With the success of Universal’s Ouija franchise, we got to thinking about other board games that would make for great horror movies directed by some of the genre’s biggest names. Parents and guardians, feel free to thank us later.
Tobe Hooper’s Guess Who
Six strangers wake up in a derelict house. Taped to the wall are 24 photographs of people close to each of these six people—four for each person. Above them is a metal grate where they can see a figure dressed all in black, and a chair with a figure draped in a sheet tied to it. The figure in black’s voice drifts down the grate, telling the house’s occupants the rules of the game. All they have to do is guess the characteristics of the person under the sheet and they’ll all be released. It all seems so simple, until the guessing begins. “Does your person have blue eyes?” one of the occupants asks. The figure in black raises up the sheet to check, and the occupants below see quick motions beneath the sheet and then screaming. “Not anymore” the figure in black says, and he tosses two perfectly blue eyes down through the grate. As the game continues, and more facial features begin making their way through the grate the six begin to realize that the hostage may not be someone they know after all, and they may not be the strangers they originally thought they were. You see, the guess who of the game was never the person tied to the chair but the figure in black whose past is tied to the six below.
Tagline: Does this person have a soul?
Clive Barker’s Candyland
For Josie and Allan, it was just another boring Sunday at their grandmother Nutt’s house . . . until they open her candy dish and unwrap an old, yellowed piece of candy and discover a strange language on the inside of the plastic wrapper. The two children read the words together and are transported to the nightmarish Candyland. In order to find their way home they must venture through a landscape where their greatest pleasures may become their undoing. Watch as they enter the Candy Cane Forrest, a pathless maze constructed entirely out of sharpened candy canes and stalked by the ax wielding Mr. Mint. Witness their escape from the boiling hot pits of Molasses Swamp, home of the insatiable Gloppy. Pray they avoid the Licorice Castle where the Lord Licorice binds his victims with Licorice Rope and sucks out their intestines. Dare them not look upon the Cinnabite, a figure comprised entirely of cinnamon who can turn into a cloud of spice and enter the lungs only to shred them. Encounter all of this and more as Josie and Allan make their way through this world and finally arrive at the Candy Castle, where King Kandy will try to drain all the sweetness from their souls and send them back into the world as hopeless husks of human beings charged with bringing about ruination of their reality as they edge closer to adulthood.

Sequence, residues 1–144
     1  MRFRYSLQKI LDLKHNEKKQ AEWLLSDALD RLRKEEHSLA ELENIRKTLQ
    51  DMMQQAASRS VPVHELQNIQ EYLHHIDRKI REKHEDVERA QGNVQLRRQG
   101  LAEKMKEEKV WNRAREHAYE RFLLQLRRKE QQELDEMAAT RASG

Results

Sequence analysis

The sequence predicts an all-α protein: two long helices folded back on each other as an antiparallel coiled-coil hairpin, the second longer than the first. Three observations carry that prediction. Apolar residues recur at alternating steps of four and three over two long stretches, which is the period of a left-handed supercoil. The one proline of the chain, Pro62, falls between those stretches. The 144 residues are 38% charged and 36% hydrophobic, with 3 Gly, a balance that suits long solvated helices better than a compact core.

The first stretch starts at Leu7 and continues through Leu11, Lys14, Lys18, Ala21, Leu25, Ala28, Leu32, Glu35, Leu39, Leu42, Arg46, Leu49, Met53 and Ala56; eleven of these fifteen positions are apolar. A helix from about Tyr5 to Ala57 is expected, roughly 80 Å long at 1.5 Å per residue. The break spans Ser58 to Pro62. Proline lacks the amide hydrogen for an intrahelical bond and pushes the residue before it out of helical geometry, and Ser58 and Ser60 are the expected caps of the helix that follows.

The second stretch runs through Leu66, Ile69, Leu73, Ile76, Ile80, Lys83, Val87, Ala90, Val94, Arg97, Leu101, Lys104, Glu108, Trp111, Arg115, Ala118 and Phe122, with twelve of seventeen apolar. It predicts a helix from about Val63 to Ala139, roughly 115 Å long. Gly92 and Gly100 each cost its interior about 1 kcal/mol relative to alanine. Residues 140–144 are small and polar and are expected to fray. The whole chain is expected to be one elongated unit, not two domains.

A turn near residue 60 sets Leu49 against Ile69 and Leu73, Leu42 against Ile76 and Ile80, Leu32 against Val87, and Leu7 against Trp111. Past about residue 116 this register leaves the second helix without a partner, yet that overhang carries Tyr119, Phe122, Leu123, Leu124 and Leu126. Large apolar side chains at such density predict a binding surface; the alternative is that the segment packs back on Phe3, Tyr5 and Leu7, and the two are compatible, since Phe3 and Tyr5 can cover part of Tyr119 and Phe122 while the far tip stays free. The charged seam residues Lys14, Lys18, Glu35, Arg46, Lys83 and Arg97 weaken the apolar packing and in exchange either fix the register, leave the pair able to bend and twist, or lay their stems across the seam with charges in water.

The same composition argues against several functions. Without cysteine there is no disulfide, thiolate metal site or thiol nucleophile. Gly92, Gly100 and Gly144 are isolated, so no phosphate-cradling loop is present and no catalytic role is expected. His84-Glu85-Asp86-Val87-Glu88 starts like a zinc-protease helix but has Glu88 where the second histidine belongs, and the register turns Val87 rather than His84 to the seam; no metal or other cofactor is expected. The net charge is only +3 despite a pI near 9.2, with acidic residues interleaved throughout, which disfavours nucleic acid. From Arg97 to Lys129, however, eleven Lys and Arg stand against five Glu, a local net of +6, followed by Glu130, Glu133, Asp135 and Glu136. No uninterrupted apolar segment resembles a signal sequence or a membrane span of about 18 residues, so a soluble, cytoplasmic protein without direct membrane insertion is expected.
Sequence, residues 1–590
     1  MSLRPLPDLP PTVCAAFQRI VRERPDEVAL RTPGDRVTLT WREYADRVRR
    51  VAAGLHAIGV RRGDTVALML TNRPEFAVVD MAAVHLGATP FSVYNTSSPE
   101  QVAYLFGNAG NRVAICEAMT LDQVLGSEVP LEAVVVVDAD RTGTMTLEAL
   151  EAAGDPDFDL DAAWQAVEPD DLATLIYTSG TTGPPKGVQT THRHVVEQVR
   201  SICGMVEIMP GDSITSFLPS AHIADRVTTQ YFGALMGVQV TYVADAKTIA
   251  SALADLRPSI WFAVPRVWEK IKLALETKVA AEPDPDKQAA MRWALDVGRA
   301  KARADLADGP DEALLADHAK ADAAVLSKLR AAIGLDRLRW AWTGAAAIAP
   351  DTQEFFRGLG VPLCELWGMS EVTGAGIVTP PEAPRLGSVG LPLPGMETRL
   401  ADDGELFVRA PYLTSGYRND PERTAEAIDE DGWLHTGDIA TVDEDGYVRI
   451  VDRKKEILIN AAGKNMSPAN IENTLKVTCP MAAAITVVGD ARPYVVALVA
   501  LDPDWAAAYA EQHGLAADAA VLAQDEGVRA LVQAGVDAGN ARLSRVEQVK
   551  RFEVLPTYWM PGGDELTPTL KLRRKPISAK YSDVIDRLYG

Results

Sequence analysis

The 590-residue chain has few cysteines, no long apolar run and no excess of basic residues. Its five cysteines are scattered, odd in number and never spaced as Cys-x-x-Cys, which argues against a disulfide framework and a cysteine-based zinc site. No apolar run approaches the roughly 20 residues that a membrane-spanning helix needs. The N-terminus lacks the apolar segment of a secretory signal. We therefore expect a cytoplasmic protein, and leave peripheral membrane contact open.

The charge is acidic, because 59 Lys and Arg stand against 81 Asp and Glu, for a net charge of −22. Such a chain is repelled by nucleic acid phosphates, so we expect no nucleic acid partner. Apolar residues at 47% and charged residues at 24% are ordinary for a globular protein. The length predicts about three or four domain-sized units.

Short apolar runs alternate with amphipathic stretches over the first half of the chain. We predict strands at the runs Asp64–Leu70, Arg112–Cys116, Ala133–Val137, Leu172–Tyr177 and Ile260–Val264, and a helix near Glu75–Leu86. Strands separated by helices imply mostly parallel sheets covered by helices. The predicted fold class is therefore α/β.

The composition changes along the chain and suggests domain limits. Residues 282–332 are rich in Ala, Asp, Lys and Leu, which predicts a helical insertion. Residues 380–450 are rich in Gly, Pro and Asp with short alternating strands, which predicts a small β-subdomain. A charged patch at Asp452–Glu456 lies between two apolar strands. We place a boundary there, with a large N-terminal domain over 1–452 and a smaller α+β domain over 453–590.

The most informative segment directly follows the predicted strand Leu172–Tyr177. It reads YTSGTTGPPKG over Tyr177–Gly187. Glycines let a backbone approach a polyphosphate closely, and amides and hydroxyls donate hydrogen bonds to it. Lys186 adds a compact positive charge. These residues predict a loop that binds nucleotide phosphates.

Tagline: It’ll tear your jaw apart.
Lars von Trier’s Life
We open with a live birth and we watch the process of being born, for an hour. There’s no dialogue only the sound of breathing and pain. We witness a mother’s joy turn to disillusionment, and finally to hatred as the child is born, bloody and screaming into the world. “Again. I never asked to be born,” a woman’s voice-over says. We move forward and the child is now a teenage girl suffering from a complete disenchantment with the world she was born into. She walks down a sidewalk choked with weeds, hugging her arms to her chest. The people she sees are represented as shadowy stalks. “Everything here hurts.” We watch her go through daily activities in excruciating detail, as she tries to avoid contact with the world around her. Everything she touches causes her pain. We move forward and the girl is now a young woman, her hands gloved but still we see the pain the world causes her. “The nerve endings inside me are strangling me, little serpents punishing me for the sin of being born. So I must pretend I belong here, so perhaps the sin will be a little less.” We watch the young woman attempt to make connections as she makes her way through college, making friends she doesn’t like, friends who look like shadowy stalks and who hug and touch and hurt her in their attempts at love. We move forward and the woman is now in her forties, in a hospital bed surrounded by a husband and children she did not want. “Everything hurts. The sheets, their looks, the hands of these shadowy strangers as they say, ‘Mother, it’ll be okay.’ But they are wrong, it’ll never be okay.” We watch the woman die, laborious and harrowing and the screen goes black. We’re back to the live birth at the beginning of the film. We hear a woman’s voice say, “Again. I never asked to be born.”